American Philanthropy Oliver Zunz Summary

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Oliver Zunz in his book tries to explore in depth the twentieth –century growth of American philanthropy which expands knowledge, champions social movements, defines active citizenship, influences policy making and addresses humanitarian crises. From Andrew Carnegie to Bill Gates, from ordinary people who purchased Christmas seals to fight tuberculosis to those who wear pink ribbons to battle breast cancer, he describes the nation’s view of philanthropy as both a quintessential part of being American and another means of achieving major objectives. (Zunz, pg. 3). According to Conn Steven, “Zunz goes on to chart how American philanthropic activity became international, first as a result of World War II, and then because of the ensuing Cold…show more content…
According to George, “Zunz describes how systems rose to mobilize huge numbers of small gifts by ordinary Americans initially for fight against tuberculosis, and later for World War I effort and its recovery then for community improvement and poor relief during great depression. Giving through churches, community chests and community foundations encouraged American families to budget for charitable giving, a kind of thrift which gave philanthropy its democratic imprint in America. “(Zunz, pg. 75) (McCully George). Large elite philanthropic institutions cooperated closely with mass philanthropic movements and exchanged leaders like Rockefeller, Anna Harkness etc. Further, health associations that started the movement and accelerated the professionalization of social work called on fundraising firms to assist them. (Zunz, pg.…show more content…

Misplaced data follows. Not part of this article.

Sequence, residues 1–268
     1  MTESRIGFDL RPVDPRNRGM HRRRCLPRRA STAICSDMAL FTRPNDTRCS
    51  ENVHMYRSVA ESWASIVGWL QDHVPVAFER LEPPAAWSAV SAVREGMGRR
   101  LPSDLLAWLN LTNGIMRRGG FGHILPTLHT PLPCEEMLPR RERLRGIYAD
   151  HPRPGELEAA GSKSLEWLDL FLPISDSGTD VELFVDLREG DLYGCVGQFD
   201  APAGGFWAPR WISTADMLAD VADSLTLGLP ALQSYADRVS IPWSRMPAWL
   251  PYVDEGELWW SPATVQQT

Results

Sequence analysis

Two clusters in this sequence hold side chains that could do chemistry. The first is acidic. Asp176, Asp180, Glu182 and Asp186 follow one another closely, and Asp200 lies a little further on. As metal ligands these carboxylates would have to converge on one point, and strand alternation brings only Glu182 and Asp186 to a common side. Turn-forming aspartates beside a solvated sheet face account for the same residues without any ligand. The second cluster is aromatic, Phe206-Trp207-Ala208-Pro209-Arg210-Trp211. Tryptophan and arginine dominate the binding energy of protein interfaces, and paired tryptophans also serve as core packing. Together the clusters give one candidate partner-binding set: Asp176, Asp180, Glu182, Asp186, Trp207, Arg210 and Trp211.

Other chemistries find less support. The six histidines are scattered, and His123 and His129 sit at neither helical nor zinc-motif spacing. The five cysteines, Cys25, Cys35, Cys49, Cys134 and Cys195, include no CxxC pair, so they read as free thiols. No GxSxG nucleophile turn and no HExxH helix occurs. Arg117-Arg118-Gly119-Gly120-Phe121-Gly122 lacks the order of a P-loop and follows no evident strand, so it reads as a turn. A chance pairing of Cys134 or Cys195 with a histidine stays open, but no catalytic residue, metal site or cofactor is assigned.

Zunz here describes that lawmakers and the IRS struggled with the question of what kind of philanthropy should benefit from tax-exempt donations. The federal government took its cue from state governments in defining its own tax-exemption policy. Federal tax policy which played no role in the initial surge of American philanthropy, became major instrument by which the government could define how much to subsidize giving, under what circumstances and for what reason. (Zunz, pg. 87). The Revenue Act of 1924 permitted a small group who contributed over 90% of their income to charity each year to deduct all charitable giving. (Zunz, pg. 88). When Congress amended the law in 1934, it changed as a way of disciplining political opponents. (Zunz, pg. 102). It’s the 1969 Tax Reform that made a lot of changes. For example, it tightened regulations governing foundations and made them more accountable, it reasserted the non-partisanship was essential to secure a tax exemption, and voter registration activities would be permitted only if a grant was made to an organization working in five or more states. (Zunz, pg. 229). According to Rietzler, “Thus, segregationists in Congress who opposed the Ford Foundation’s support for radical Civil Rights groups succeeded in rendering the 1969 tax code more restrictive. Beginning in the Reagan years, limits on lobbying by charitable organizations were successively loosened, not least due to the influence of

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